Our Focus Might Change, but We’re Still Guided by Our Research
Nov 19, 2014, 1:47 PM, Posted by Alonzo L. Plough
There is change afoot at the Robert Wood Johnson Foundation as our entire organization reorients its focus to implementing our Culture of Health strategy. At the heart of this new approach is the belief that everyone—regardless of their ethnic, racial, geographic or socioeconomic circumstances—should have the means and the opportunity to lead the healthiest lives they can. Achieving a Culture of Health requires us to broaden the understanding that good health is far more than the absence of illness; where we work, where we live, what we eat, and where our children play and go to school fundamentally affect our ability to lead healthy lives.
Looking ahead, we see this new focus on building a Culture of Health as catalyzing a larger national movement toward real societal transformation—a chance to eliminate health disparities caused by social, environmental, and economic factors, and a powerful way to improve and advance public health. This is a big challenge for all of us, but there are significant pockets of progress around the country where a diverse range of activities is already driving such transformation.
How do we plan on realizing these ambitious goals? It really comes down to continuing what RWJF has always done best: identify and support research that promotes progress in improving the health and well-being of our diverse populations. The Foundation has funded such research for more than 40 years, greatly contributing to a common understanding of the major health and health care issues of our time. That’s a legacy we’ll continue even as our research efforts focus more intently on understanding and realizing our vision, and finding the most effective ways to measure our progress. Our grant-making will always be grounded in sound research, good data, and strong evidence that informs the discussion and leads to a healthier nation.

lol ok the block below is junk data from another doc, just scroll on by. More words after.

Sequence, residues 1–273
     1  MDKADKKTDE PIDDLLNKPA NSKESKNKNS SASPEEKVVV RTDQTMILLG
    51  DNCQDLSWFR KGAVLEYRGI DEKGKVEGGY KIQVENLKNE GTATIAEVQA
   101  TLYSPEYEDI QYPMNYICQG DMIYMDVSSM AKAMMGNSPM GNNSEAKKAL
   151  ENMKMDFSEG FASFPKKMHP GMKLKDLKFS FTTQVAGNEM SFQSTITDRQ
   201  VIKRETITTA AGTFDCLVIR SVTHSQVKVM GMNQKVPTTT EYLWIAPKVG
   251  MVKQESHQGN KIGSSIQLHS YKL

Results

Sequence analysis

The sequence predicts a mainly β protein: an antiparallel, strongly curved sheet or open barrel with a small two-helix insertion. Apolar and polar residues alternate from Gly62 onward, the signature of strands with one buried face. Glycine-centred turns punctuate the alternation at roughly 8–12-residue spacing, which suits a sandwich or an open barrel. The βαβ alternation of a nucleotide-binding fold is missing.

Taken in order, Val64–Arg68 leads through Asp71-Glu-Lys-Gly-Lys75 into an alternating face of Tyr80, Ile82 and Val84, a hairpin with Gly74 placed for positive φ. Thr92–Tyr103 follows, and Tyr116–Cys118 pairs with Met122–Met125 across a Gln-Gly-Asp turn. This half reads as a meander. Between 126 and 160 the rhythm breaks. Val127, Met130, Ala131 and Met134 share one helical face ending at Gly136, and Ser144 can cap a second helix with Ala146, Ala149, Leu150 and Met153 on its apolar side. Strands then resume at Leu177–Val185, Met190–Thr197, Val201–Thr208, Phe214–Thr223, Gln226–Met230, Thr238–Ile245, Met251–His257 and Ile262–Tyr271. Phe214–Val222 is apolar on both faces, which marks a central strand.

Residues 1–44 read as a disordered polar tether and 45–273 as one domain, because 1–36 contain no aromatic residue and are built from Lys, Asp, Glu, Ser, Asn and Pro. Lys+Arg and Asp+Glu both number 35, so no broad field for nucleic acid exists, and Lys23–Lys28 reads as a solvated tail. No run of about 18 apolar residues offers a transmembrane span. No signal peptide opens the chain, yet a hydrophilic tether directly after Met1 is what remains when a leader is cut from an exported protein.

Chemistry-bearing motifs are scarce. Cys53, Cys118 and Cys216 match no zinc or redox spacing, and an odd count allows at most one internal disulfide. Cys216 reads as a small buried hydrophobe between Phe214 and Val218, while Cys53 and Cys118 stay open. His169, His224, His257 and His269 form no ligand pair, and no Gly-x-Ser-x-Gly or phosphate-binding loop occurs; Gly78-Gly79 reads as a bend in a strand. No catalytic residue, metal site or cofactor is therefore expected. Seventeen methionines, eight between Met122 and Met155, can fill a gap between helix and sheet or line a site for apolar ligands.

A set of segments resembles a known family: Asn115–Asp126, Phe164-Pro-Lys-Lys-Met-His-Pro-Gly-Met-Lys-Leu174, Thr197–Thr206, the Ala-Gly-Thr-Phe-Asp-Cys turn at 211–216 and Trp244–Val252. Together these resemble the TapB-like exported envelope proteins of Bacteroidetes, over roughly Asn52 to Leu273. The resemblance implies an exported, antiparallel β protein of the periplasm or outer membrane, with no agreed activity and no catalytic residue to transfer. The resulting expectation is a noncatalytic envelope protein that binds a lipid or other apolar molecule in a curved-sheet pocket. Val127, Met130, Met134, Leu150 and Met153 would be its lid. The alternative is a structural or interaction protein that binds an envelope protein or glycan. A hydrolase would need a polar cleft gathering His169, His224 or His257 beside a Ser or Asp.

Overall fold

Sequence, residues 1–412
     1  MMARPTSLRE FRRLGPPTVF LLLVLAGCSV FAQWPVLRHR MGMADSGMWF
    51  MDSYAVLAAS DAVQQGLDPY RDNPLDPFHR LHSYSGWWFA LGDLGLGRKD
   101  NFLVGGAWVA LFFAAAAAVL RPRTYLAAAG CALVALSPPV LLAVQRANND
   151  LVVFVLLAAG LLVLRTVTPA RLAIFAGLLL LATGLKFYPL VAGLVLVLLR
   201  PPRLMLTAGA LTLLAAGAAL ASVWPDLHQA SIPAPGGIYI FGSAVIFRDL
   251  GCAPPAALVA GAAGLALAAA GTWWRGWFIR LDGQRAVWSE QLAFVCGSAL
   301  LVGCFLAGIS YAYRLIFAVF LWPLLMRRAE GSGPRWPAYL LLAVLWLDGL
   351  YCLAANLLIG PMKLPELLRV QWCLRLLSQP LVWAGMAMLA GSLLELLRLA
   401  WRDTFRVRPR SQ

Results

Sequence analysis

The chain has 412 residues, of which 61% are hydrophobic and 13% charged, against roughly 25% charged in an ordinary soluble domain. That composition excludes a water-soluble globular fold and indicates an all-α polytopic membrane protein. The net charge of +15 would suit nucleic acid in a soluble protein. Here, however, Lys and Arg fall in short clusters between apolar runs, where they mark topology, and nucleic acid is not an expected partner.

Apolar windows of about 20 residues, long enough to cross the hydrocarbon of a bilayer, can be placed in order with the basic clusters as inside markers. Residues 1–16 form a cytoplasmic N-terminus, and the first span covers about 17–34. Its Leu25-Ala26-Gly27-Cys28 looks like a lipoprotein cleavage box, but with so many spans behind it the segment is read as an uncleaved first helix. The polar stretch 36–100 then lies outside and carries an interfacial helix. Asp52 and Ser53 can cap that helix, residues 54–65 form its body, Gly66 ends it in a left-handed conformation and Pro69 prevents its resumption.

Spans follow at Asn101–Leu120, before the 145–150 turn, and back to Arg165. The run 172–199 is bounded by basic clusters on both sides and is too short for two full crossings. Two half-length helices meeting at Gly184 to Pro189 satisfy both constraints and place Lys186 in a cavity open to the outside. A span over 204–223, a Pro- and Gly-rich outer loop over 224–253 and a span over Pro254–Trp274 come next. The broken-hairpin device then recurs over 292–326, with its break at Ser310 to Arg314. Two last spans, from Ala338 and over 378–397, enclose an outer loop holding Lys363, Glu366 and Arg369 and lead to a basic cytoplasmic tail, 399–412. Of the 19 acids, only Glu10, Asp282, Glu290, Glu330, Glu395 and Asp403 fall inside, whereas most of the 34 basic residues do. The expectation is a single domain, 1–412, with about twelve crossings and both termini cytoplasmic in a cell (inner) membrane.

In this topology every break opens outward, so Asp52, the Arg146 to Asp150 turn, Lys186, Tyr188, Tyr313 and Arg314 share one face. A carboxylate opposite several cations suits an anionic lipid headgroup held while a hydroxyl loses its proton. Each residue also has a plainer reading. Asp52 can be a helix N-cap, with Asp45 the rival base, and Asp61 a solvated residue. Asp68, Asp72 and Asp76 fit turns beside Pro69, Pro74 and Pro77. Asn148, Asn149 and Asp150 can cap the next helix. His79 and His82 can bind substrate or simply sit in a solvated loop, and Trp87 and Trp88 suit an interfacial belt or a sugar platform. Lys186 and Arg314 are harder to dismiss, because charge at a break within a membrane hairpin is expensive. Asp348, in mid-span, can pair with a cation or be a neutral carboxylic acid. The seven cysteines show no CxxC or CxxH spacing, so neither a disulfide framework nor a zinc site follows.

As the vice president for Research and Evaluation and chief science officer, this heightened focus on research is especially gratifying to me. Although I am relatively new to the Foundation—I joined in January 2014—my staff and I have been fully engaging people both within and outside of our organization, in helping us shape the vision for RWJF’s extensive research and evaluation efforts across all areas of study.
As we continue to make these connections and work in tandem to achieve our strategic goals, I am excited to announce that significant funding will be available next year to pursue new research directions that can help us build and strengthen the evidence base. Specific research strategies will include exploring the most promising trans-disciplinary approaches for advancing our strategy: identifying action–oriented research that can create real cultural change through engagement with key populations and sectors; and expanding and deepening our relationships with emerging research fields and experts not usually associated with health and health care. We will continue supporting ongoing RWJF work on issues that support our strategy.